What I wrote at Lib Dem Voice

May 27, 2006

Big up to Sir Ming

Ming Campbell's been copping a fair bit of flak in the last fortnight, so it was good to see and hear him in fighting form today, launching a major speech on the liberal approach to crime and justice.

I put off reading the speech tonight, slightly concerned Ming might have conceded liberal ground to the brain-dead right-wing press. No need to worry. It strikes an highly effective balance between what Ming terms the twin pillars of a liberal society: the rule of law and respect for human rights.

I try not to make this blog a party press release machine. (It would bore me to do it, so God knows what it would be like for you to read it.) But his speech is actually well worth reading in full here.

(And the Lib Dem website is probably the only place you will read it: our Cameron-fellating media would much rather report the froth of leadership mutterings than have to get to grips with boring shit, like public policy.)

10am UPDATE: there's a rather tired leader in today's Indy berating Ming for his speech. Rather oddly, it's titled, 'What is the point of a liberal who fails to stand up for individual liberties'. So perhaps I dreamed this part of Ming's speech: "Today my message is simple. Crime is a liberal issue. Britain is an instinctively liberal country. We believe in personal freedom and individual liberty. But we also believe that everyone should play by the rules and by the same rules." What is the point of a liberal newspaper which fails to research its subject?

4 comments:

Will said...

It was at least reported on the BBC News website.

I'm a bit bemused as to the point of a "violent offenders register". While the sex offenders register has a purpose, I'm not sure what the analogous purpose of this register would be, and Ming didn't make it clear.

Cllr David Morton said...

Can you make a major speech on crime, not mention drugs once and expect to be taken seriously?

Also i suspect that we would be slaging the government off for "eye catching initiatives" if it had proposed a Violent Offenders register. He doesn't bother to say what this will achieve. I accept that there are quite a few interesting points made but at the end of the day isn't he doing exactly what you slag cameron off for. Hes making a counter intuitive speech designed to shift peoples perceptions of a perceived negative. I suppose we should be grateful he didn't call it tough liberalism.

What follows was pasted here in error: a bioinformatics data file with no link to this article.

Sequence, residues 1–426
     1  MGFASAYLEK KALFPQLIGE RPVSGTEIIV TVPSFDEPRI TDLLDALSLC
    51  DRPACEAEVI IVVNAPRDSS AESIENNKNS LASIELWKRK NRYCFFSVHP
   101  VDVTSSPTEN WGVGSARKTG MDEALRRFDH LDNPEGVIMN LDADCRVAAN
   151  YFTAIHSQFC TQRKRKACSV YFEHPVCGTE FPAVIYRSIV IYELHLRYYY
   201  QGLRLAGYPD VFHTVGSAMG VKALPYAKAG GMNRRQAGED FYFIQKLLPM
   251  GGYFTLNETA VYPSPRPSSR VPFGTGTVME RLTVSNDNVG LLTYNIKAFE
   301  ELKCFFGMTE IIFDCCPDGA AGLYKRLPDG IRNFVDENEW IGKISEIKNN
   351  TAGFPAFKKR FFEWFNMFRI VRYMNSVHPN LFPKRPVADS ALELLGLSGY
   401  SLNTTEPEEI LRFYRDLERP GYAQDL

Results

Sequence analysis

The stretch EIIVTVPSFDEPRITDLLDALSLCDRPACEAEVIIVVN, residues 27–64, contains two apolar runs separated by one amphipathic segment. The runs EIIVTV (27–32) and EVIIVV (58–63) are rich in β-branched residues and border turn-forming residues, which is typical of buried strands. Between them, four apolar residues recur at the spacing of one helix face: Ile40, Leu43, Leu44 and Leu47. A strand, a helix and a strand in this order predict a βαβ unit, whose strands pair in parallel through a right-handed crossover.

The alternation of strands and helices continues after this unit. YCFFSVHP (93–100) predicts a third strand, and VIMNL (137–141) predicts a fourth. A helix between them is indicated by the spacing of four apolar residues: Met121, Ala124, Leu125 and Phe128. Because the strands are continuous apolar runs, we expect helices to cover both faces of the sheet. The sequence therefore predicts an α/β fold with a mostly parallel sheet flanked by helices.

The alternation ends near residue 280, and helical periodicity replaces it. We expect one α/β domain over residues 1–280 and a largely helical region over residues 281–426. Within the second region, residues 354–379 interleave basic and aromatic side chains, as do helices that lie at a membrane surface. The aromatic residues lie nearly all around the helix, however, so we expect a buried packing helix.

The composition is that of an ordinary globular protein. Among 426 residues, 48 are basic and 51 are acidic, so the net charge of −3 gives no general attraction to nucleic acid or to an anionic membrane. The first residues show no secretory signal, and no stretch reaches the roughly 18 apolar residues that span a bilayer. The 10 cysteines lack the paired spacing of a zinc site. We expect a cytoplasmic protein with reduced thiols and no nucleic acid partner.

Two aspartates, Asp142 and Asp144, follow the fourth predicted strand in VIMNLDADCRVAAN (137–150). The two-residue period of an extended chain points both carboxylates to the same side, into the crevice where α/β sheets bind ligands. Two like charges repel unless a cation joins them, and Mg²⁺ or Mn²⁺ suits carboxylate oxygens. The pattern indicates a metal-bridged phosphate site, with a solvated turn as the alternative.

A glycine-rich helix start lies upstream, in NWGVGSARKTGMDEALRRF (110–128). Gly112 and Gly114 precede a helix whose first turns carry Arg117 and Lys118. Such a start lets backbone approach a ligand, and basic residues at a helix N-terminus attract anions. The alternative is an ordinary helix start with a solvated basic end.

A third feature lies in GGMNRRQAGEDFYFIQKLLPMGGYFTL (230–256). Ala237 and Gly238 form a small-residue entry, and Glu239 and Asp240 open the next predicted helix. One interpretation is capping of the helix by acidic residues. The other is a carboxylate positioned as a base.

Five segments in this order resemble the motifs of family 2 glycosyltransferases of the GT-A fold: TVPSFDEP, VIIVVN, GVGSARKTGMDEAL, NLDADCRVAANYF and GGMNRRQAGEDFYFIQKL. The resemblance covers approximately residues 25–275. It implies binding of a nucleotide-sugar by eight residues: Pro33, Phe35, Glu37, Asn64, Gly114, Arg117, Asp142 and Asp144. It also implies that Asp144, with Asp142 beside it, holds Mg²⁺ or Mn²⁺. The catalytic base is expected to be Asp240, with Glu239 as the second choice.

Angus J Huck said...

If by a "Violent Offenders Register" Ming means that we should be entitled to know where people convicted of violent crimes live (so that we can avoid meeting them), then I think he is on to something.

Publicising the whereabouts of sex offenders would be counter-productive, because the people in question might go to ground and could be the subject of vigilante attacks. Thugs who terrorise their neighbours and duff up those who refuse to show them the right "respect" are unlikely to be so coy.

Potentially a good idea.

But I refuse to go along with Ming's endorsement of ASBOs.

The ASBO is a legal monstrosity which imposes criminal liability on conduct which would otherwise be too imprecise to criminalise, and applies criminal sanctions on a civil standard of proof.

ASBOs look like an electoral gimmick, and to some degree they are, but I fear that they might be altogether more dangerous.

ASBOs can be used to suppress ANY kind of behaviour which incurs the disapproval of the prosecuting authorities. They are, in effect, a tyrant's charter.

We have seen already how they can be deployed against people who are insufficiently deferential to religion. For instance, the proprietor of a website who insulted the Pope, and a publican in Bristol who called his carpark "The Porking Yard", the sign being visible to passing Moslems.

Anti-social behaviour (a horribly woolly term) is already covered by laws dealing with offences against the person, damage to property and breaches of public order.

The ASBO is an evil which no liberal should endorse.

Tristan said...

I am generally supportive of the speech.
We should be emphasising the rule of law and clear, simple, universal laws.

This is why I cannot support the endorsment of ASBOs which are a ploy by the government to stoke up fear of 'anti-social behaviour'.
They are too close to summary justice, and create 'sub-laws' which apply only to the person served with the ASBO.
A system of voluntary agreements with the police or magistrates whereby if behabiour does not improve then a prosecution for an offence under existing law will proceed would be acceptable, but creating an involuntary contract, the breaking of which will result in criminal offence with no burden of proof on the prosecution is not acceptable.

At least there's no mention of 'tough liberalism'. What we need is liberalism, and that includes the rule of law (at the individual and institutional level).